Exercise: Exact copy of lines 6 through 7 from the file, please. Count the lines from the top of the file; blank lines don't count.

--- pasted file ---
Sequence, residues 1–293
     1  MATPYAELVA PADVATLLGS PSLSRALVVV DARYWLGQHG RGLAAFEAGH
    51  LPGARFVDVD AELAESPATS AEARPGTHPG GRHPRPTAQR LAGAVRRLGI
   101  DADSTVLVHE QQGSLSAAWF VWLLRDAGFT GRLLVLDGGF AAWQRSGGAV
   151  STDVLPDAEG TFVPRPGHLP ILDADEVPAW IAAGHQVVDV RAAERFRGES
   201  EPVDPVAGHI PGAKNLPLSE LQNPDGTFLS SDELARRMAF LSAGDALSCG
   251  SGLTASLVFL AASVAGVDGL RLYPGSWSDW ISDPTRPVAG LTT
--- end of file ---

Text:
   201  EPVDPVAGHI PGAKNLPLSE LQNPDGTFLS SDELARRMAF LSAGDALSCG
   251  SGLTASLVFL AASVAGVDGL RLYPGSWSDW ISDPTRPVAG LTT